Global data are continuing to exceed forecasts ending last week at 16 on the Relative Performance Index (RPI) and rising a bit further to 21 when excluding price data (RPI-P) to indicate tangibly greater-than-expected strength in real activity. These results are only slightly less favorable than the prior week’s respective RPI and RPI-P scores of 23 and 26.

First quarter data from the Eurozone continue to surprise mainly on the upside but not by much. At 3, the latest readings on both the RPI and RPI-P show overall economic activity currently performing much as expected. And this should be more than enough to underpin speculation that the European Central Bank will be cutting key interest rates soon.

In the UK, the latest real economy news on average has contained no major shocks. Indeed, the RPI-P ended last week at exactly zero. Still, with the RPI currently at minus 12, inflation developments remain on the soft side of forecasts which should mean that a reduction in Bank Rate is still just a matter of time.

A similar picture is true of Switzerland where, at minus 4, the RPI stayed close to zero and, at minus 10, the RPI-P shows just a very limited degree of underperformance. Without some upside surprises on inflation, the Swiss National Bank’s policy rate could well be lowered again at June’s Monetary Policy Assessment.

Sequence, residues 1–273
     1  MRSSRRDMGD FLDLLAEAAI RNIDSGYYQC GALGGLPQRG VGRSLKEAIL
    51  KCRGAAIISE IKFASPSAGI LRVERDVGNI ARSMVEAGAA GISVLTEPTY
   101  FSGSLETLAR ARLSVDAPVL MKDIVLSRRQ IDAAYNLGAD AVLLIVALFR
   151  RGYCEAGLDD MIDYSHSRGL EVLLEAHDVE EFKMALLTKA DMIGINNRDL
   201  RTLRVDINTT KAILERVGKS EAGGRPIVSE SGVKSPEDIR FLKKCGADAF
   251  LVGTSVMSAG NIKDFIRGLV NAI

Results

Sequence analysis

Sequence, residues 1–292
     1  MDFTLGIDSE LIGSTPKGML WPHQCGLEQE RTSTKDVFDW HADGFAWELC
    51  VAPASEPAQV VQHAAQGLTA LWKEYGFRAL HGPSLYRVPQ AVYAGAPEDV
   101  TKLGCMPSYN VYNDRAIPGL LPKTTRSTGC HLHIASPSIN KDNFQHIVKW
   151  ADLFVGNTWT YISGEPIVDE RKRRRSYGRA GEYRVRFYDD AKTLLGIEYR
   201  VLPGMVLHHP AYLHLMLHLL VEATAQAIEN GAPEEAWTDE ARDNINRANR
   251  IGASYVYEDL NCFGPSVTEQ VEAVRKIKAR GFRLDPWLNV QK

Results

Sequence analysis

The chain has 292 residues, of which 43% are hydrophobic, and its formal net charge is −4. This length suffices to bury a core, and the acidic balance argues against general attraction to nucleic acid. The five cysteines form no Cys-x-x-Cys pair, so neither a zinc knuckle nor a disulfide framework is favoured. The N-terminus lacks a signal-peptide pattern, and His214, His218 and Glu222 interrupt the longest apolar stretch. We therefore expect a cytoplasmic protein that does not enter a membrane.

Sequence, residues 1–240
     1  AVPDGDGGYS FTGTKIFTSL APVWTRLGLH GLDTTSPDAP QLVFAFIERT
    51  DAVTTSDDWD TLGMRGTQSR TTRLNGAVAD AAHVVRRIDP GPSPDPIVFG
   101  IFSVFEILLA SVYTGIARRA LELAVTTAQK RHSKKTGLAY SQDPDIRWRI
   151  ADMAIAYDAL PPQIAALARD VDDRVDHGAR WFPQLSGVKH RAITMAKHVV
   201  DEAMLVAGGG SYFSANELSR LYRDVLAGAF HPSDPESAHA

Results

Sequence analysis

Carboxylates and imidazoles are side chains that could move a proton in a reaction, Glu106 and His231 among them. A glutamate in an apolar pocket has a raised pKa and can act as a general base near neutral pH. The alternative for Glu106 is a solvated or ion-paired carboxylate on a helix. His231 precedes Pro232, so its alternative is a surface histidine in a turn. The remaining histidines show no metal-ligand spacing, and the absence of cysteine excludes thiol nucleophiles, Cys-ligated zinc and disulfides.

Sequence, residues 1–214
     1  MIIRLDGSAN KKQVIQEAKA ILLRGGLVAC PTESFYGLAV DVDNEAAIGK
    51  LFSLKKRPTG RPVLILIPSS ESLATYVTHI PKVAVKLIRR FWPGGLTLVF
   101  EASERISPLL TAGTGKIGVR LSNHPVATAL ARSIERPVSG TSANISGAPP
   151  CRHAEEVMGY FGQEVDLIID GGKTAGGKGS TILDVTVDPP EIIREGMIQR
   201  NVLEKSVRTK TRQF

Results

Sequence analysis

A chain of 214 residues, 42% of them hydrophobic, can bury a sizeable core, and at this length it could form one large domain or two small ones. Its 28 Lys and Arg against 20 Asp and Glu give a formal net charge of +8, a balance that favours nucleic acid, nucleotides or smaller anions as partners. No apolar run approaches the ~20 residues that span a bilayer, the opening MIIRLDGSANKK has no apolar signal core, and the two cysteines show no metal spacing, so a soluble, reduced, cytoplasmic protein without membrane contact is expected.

In Japan, a mixed week for economic data left both the RPI (minus 18) and RPI-P (minus 20) in negative surprise territory, extending the clear bias towards downside surprises seen since the start of the year. Against this backdrop, prospective Bank of Japan tightening is unlikely to be aggressive.

In Canada, the real economy began 2024 on a surprisingly strong note and lifted the RPI-P to 43, its highest value since June 2023. Even so, with the RPI fully 20 points lower at 23, the implications are that inflation continues to undershoot expectations so the door to a Bank of Canada rate cut remains open.

US data maintained an upside bias but just barely, slowing from 31 the prior week for both the RPI and RPI-P to 5 and 6 respectively in the latest week. Nevertheless first quarter growth is shaping up well, justifying the Federal Reserve’s decision to leave policy on hold earlier this month.

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